Published by Saddlebag Dispatches in December 2020
In the middle of the last century there were maybe fifty mustangs roaming west-central Nevada’s Fish Lake Valley, and catching one was easier than you might think.
Despite its name, the valley – twenty miles long and skinny, narrowed by tall-shouldered mountains – had no lake, let alone fish. Apart from dug or bored wells on ranches, there was only one place where water pooled to the surface and a wild horse could drink, a shallow pond hardly ten yards wide. Keep the mustangs away from that water for a couple of days, and they would be thirsty enough to overcome fear or even horse sense.
Maury was a kid from Los Angeles who wanted to be a cowboy, which meant he ought to have his own tack and his own horse. He could borrow a beat-up saddle and bridle long enough to make some money and buy his own. But even best friends didn’t lend horses, and ranches didn’t always have a spare he could ride, so he needed to catch one.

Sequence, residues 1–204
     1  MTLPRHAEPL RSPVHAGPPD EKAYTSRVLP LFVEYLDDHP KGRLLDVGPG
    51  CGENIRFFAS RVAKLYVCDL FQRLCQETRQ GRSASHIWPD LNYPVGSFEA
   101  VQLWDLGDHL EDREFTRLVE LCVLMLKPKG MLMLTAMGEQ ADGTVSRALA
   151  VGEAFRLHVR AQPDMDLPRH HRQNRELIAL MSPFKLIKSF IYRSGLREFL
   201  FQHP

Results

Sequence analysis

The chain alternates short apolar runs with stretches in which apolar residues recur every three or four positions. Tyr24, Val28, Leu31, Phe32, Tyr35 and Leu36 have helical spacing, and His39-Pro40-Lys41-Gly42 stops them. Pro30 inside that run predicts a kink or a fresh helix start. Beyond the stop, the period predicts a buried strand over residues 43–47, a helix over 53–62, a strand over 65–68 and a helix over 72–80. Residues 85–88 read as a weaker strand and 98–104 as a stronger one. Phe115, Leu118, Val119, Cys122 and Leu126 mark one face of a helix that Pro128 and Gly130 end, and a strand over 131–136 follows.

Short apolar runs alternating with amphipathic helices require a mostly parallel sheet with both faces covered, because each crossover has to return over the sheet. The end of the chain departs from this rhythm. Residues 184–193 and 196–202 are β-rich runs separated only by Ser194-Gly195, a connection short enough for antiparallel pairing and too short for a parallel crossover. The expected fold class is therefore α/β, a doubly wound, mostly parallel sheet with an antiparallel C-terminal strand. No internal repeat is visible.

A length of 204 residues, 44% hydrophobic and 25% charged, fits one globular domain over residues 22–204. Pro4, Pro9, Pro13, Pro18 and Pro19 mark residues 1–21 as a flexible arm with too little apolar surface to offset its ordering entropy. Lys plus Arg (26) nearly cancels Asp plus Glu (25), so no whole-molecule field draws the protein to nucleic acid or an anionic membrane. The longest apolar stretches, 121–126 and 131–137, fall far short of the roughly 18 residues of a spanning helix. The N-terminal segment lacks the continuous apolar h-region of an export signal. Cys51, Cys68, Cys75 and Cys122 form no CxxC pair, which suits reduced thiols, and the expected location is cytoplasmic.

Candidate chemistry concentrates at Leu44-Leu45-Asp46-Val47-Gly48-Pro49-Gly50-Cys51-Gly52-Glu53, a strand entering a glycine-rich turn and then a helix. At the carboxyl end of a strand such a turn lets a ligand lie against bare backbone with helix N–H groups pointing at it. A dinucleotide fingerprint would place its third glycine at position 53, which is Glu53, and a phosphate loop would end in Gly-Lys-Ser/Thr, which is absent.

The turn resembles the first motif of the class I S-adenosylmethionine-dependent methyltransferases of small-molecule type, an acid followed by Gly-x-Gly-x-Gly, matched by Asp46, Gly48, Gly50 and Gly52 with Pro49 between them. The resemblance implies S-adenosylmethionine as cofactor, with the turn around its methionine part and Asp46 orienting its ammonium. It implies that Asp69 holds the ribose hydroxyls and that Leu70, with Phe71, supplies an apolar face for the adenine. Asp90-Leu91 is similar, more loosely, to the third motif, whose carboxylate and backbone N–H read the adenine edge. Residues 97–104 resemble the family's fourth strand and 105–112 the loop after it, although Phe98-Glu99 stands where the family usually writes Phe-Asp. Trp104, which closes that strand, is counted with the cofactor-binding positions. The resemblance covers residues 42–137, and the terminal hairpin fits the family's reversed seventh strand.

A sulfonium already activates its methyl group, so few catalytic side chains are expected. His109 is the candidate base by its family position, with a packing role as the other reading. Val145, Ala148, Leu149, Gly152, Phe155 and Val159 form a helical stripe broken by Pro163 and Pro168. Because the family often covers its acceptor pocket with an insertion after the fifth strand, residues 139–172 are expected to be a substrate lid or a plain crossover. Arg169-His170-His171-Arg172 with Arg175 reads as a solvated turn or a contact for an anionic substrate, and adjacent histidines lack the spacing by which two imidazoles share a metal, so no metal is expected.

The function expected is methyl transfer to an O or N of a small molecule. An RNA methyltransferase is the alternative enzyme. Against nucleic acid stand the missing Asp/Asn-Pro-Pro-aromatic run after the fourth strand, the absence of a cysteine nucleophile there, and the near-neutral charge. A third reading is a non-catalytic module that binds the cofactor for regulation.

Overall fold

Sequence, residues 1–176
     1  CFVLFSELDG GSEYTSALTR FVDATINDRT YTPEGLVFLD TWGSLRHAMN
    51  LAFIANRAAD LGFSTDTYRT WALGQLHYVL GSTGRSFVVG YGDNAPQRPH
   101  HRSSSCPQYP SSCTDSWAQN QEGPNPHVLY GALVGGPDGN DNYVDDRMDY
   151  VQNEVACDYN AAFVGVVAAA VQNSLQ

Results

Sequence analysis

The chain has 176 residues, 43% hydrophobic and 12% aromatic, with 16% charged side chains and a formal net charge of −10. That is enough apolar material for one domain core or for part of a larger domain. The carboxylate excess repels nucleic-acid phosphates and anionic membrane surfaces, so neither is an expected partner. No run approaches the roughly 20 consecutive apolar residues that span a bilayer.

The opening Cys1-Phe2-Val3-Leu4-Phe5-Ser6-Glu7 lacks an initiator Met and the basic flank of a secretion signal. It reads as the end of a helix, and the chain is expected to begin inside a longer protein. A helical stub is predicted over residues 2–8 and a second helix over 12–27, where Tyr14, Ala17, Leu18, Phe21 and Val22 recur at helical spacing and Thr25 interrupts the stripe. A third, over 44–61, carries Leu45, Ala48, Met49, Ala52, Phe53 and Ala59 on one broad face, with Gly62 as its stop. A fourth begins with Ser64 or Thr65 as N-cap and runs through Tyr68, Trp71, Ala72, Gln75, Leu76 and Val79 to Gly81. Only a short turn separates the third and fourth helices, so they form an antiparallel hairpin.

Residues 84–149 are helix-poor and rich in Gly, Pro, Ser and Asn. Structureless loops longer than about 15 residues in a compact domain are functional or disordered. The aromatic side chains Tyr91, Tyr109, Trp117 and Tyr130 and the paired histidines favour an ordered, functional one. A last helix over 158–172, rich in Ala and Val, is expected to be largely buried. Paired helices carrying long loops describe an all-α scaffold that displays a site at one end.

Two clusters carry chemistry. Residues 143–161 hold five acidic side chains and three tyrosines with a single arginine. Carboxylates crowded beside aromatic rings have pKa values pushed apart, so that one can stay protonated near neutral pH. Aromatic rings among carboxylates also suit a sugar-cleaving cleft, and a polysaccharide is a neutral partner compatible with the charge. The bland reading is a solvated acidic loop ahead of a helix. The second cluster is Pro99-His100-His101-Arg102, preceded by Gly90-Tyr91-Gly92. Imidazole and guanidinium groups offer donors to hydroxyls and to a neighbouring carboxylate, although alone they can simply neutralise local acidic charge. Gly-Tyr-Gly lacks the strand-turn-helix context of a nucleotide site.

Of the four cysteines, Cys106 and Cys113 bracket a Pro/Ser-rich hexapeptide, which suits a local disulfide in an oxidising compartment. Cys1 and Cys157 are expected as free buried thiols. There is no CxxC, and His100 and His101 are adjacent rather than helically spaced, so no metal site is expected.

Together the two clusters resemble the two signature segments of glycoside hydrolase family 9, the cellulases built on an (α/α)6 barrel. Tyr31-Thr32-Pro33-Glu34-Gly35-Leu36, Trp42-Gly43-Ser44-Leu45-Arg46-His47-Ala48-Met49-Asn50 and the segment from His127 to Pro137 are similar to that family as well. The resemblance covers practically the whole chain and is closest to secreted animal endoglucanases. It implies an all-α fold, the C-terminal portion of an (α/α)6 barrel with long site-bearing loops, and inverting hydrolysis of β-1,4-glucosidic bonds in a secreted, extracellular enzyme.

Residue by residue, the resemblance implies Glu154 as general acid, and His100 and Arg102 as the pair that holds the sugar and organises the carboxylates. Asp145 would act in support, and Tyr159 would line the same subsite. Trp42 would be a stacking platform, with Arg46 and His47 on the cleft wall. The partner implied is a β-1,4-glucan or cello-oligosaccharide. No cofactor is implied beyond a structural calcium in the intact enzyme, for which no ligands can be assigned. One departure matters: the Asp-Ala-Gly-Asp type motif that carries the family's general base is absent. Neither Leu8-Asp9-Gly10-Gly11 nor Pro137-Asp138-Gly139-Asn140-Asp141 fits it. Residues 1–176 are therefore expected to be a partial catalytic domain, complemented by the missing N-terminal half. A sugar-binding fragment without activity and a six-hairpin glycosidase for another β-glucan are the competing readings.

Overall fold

The marriage of hungry kid and thirsty horse was just a matter of planning and patience.
Most mustangs were descendants of the steeds that got away from the Spanish conquistadores, having been brought from the Iberian peninsula where Don Quixote would have recognized them. The word is derived from the ancient Spanish mustengo, which meant maybe feral or stray horse or ownerless beast.
Strictly speaking, all the mustangs in the American West weren’t, and still aren’t, ownerless: They belong to the BLM, the federal Bureau of Land Management. In those days, the numbers were manageable, but the feds were spread thin and had only a vague idea how many horses they were overseeing. Or under-seeing. Poaching a mustang was a crime unlikely to be noticed.
The first step was to build a temporary corral around that watering hole, making it a trap. Conveniently, the scene of the action was near the foot of Gilbert Pass, which carried us over from our Swinging T Ranch, in the valley to the south. It was a few miles east of the Oasis Ranch, at the lowest point in the valley.
The conventional wisdom said one could just string some barbed wire on stout posts, but the result would have been a lot of bloodied mustangs, maybe some infections and perhaps some BLM attention. Maury took the advice of Scotty Jones, our ranch manager, that time spent on some stout wooden rails at chest height would be worthwhile.
The horses would be skittish about going into any enclosure, Scotty said, but a good thirst would drive them into a wood or wire corral, either one, so long as the opening – there wouldn’t be an actual gate — wasn’t too narrow.